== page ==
Carlo Espinas Takes The Lede

Veteran chef ups his cuisine to the next level

The industrious chef Carlo Espinas seldom has a day off. On Mondays and Tuesdays, he helps Sequoia Del Hoyo with Tarocco, her new “Mediterranean inspired lifestyle and meal program.” Del Hoyo develops the menus and Espinas cooks them. “Sequoia has a great palate and a lot of experience in the food industry,” Espinas says. “I’m able to contribute on the nuts and bolts, executing her vision, making sure that everything tastes good.” 

From Wednesday to Saturday, Espinas runs his own restaurant in Oakland, The Lede. As the Bay Area and beyond acknowledge Chez Panisse’s 50th Anniversary this year, it’s not a surprise to hear that Espinas is part of the extended line of chefs related to Alice Waters’ enduring culinary and cultural influence. For many years, he worked off and on at Russell Moore and Allison Hopelain’s Camino, both of whom are Chez Panisse alumni. And he inherited The Lede from another former Waters’ protégé Cal Peternell.     

Peternell, who’s become a podcaster and respected cookbook author since his Chez days, reached out to Espinas at the start of the pandemic last year. “He knew I was between gigs,” Espinas said. Peternell’s Lede was housed in Old Oakland, right across the street from Swan’s Market. Espinas explained that it made sense for him to close up shop there to look for a new space. “We eventually landed at 41st and Broadway and opened in the middle of May,” he said.    

According to The Lede’s website, Espinas’ food “represents the geography, history and seasonality of California.” The latest version of a dish called “Three salads” marries Jimmy Nardello peppers, cucumbers and avocados on the plate. Each vegetable is seasoned simply, in its own particular way, but eaten together the flavors still complement each other. The chef dresses the peppers in vinegar, mixes scallions and chili with slices of cucumber, and adds turmeric and lime to the avocado. Three salads is a smart alternative to the idea that, to qualify as a salad starter, it must be built around either lettuce leaves or greens.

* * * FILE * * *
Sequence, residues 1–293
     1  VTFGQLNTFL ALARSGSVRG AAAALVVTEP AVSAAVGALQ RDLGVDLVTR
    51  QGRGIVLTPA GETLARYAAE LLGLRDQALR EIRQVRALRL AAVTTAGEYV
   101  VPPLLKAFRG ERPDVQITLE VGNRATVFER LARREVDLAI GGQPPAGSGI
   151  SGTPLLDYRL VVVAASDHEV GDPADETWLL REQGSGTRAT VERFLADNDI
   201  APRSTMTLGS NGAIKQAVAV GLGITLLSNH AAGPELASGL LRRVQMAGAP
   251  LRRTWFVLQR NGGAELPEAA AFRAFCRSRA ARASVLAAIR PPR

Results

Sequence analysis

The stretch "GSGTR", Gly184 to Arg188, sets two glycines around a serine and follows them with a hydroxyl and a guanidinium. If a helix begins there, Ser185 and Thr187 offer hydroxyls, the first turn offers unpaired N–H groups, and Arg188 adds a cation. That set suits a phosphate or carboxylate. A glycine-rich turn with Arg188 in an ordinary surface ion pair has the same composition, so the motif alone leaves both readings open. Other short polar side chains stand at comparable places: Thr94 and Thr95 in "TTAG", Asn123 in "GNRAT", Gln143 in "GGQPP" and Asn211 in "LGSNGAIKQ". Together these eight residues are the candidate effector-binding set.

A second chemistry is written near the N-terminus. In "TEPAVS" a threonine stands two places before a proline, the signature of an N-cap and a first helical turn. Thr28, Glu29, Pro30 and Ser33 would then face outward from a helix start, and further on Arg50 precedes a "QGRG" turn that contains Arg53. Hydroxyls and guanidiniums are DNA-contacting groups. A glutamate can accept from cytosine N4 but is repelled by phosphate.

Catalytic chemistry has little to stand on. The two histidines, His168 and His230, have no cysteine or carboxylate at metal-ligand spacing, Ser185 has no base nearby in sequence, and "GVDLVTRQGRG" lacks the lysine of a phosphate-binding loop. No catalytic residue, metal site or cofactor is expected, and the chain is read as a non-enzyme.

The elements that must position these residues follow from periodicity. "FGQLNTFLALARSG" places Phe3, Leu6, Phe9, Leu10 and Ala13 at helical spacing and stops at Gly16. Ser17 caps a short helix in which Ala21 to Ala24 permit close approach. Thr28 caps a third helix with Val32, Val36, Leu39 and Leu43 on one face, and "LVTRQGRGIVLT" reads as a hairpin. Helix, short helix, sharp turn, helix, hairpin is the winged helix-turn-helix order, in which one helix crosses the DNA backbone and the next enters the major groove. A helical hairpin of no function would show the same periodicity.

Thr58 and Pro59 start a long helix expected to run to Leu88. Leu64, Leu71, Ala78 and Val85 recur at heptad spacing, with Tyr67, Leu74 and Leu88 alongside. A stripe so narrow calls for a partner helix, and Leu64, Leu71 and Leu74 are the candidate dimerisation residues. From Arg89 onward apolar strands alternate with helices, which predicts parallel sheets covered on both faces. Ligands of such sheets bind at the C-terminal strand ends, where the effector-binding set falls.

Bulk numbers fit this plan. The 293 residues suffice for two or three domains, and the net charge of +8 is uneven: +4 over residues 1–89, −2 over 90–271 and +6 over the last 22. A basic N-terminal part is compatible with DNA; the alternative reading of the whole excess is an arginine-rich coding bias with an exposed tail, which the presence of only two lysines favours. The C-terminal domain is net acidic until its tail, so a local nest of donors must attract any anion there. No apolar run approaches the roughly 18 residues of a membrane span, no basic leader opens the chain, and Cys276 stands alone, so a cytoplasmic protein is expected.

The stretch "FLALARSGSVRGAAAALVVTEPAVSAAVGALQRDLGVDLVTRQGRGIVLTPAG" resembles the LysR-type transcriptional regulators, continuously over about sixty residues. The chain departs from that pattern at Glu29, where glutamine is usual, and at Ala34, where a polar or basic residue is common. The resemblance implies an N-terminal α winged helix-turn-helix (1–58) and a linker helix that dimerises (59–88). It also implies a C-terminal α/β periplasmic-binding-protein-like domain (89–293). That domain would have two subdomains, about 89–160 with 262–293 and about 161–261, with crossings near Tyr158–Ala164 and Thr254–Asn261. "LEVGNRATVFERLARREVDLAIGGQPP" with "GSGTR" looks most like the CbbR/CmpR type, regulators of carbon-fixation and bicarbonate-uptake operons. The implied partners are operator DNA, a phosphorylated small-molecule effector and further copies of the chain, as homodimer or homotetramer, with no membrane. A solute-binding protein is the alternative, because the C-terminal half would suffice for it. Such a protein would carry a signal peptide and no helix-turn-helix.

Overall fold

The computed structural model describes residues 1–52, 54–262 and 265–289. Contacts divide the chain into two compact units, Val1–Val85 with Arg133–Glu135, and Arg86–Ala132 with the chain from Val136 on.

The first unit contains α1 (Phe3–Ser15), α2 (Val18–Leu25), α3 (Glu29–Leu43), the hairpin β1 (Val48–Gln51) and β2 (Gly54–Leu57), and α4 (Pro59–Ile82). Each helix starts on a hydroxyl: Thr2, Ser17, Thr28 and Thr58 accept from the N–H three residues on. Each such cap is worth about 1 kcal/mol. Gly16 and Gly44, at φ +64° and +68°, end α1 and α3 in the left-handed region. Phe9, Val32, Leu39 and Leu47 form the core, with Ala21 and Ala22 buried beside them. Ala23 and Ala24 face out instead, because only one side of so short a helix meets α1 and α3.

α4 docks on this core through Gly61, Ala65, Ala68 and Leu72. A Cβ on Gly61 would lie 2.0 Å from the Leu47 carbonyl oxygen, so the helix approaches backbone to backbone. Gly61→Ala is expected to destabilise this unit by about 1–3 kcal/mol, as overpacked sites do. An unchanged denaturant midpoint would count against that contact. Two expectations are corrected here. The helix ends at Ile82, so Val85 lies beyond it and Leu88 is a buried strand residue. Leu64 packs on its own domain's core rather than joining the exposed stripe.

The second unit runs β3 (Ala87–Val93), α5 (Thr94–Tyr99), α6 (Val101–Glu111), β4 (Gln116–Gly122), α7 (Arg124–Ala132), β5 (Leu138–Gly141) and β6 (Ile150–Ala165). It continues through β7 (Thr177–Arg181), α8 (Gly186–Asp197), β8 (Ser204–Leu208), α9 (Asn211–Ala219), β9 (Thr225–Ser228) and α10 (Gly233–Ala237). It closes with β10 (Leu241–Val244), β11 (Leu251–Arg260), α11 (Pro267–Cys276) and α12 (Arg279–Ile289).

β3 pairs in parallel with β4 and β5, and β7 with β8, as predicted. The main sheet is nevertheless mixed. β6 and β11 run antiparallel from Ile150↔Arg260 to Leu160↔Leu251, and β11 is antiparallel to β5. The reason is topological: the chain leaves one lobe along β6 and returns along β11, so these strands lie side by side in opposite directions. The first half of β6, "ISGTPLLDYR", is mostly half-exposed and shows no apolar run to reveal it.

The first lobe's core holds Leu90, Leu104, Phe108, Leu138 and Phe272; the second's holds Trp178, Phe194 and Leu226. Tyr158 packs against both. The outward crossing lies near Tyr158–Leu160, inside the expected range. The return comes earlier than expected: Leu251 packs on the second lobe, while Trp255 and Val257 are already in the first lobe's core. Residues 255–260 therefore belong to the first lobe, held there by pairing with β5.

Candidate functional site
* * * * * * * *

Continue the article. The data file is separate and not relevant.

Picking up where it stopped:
The succinct menu is divided into sections of Snax, Plates, Sweeties and House Cocktails, along with wines by the bottle, and beer. The heaviest item listed is likely a mushroom-and-havarti melt. Because it’s tomato season, I ordered a pretty plate of cherry tomato confit toast. That long, slow roast intensified the tomato taste. Espinas slathers the toast with chevre and finishes it with ribbons of freshly cut basil. I kept my half for the next course, to dunk in a plate of “Beans Beans Beans.”

If there’s one dish that epitomizes Espinas’ approach and accomplishments, it’s this bean dish. Shelling beans, Early Girl tomatoes and roasted peppers bathe in their own stewed juices. Though not exactly a soup or a stew, it is as hearty and comforting as one. I dragged what was left of my toast through the broth with a great deal of satisfaction. Had there been a piece of grilled or poached halibut nestled in this sauce, the dish would have been a substantial entrée.

But that’s not The Lede’s current modus operandi. Espinas describes this “personal project” as a neighborhood bar with more complex food offerings, including oysters and a charcuterie plate. There are also sly takes on snacks like maple-roasted bar nuts and the “Caesar Eggs,” devilled eggs with anchovy-and-sheep’s-milk cheese.

There aren’t many proteins on the menu, and that starts to feel like a loss when you consider how skilled the chef is with his vegetable preparations. If you’re hungry when you get there, better to think of The Lede as host to a tasting menu that’s easily paired with alcohol and dishes that should be shared family style at the table. The space is warm and welcoming, designed to encourage conversation. You can hang out on the outside deck or slowly dip your spoon into a cup of spiced chocolate mousse. The honeycomb sprinkles on top will excite your nerve endings in all the right places.

The Lede, open Wednesday to Thursday, 4–9pm, and Friday to Saturday, 4–10pm. 308 41st St., Oakland. [email protected] theledeoakland.com

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